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IDB supports program to improve productivity of thousands of young people in El Salvador

Loan for $20 million will support training, employment, and improved opportunities for economic growth 

The Inter-American Development Bank (IDB) approved a $20 million loan to El Salvador to fund a training project that will improve the labor force productivity, particularly for young people between 16 and 29 years and workers in micro- and small-scale enterprises

The project will train 6,000 youths for jobs for which they would not otherwise be qualified. One innovative project component will finance training for some 1,600 young entrepreneurs in the development of business ideas. The youths with the best business plans will receive project backing to establish their own microenterprises.The project will also provide assistance to participating mothers for the care of their young children. 

In addition, the project will finance training for workers in more than 1,300 micro- and small-scale enterprises.The project will also benefit more than 15,500 businesses across the country through the promotion of good practices to prevent accidents in the workplace.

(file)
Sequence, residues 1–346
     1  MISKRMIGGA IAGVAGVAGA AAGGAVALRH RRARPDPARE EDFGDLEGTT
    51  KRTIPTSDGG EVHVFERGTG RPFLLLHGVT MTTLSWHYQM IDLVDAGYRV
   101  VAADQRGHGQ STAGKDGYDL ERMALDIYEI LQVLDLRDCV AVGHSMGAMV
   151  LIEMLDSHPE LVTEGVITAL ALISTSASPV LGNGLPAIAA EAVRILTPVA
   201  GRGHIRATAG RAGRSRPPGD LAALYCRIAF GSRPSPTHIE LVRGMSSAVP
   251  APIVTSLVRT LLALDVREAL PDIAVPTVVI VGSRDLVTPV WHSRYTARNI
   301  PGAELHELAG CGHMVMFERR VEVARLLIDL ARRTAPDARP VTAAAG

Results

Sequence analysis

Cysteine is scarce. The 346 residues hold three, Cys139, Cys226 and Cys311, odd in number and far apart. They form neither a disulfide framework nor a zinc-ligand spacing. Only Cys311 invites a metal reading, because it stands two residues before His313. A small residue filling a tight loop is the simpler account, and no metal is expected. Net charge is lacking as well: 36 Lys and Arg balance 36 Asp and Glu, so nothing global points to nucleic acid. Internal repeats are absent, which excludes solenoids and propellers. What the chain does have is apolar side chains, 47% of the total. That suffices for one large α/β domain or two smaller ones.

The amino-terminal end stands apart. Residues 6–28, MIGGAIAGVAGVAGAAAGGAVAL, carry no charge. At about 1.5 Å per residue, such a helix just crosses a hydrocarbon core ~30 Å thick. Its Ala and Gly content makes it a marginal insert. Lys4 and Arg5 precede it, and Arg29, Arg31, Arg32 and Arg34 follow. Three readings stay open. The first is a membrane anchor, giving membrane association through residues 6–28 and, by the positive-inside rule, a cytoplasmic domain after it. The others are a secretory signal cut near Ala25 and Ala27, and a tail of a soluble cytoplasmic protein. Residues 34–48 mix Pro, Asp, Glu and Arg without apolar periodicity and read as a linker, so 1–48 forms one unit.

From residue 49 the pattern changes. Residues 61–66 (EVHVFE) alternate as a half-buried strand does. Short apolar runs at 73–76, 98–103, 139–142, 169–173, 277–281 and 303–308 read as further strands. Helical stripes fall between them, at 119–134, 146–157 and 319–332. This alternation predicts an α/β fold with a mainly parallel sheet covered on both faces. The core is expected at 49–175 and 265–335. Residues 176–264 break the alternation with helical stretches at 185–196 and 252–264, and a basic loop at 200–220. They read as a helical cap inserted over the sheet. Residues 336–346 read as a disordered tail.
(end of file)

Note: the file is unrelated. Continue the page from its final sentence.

"The first step in achieving this project’s success is to strengthen the Ministry of Labor and Social Welfare," said Verónica Alaimo, IDB project team leader."Improvements in information systems and monitoring will enable the ministry to extend coverage and effectiveness of employment, labor, and social welfare policies." 

Of El Salvador’s 6.2 million inhabitants, 63 percent of whom live in urban areas. Twenty five percent of the total population is young, has little education, no work experience, and no opportunities for the future. While the country's urban unemployment rate of 6.7 percent is below the regional urban rate of 7.3 percent in Latin America, many workers have precarious and informal employment. 

The program will be implemented by El Salvador’s Ministry of Labor and Social Welfare and the National Micro and Small Enterprise Commission.

The IDB financing is extended for a term of 25 years, a grace period of 5.5 years and an interest rate based on LIBOR.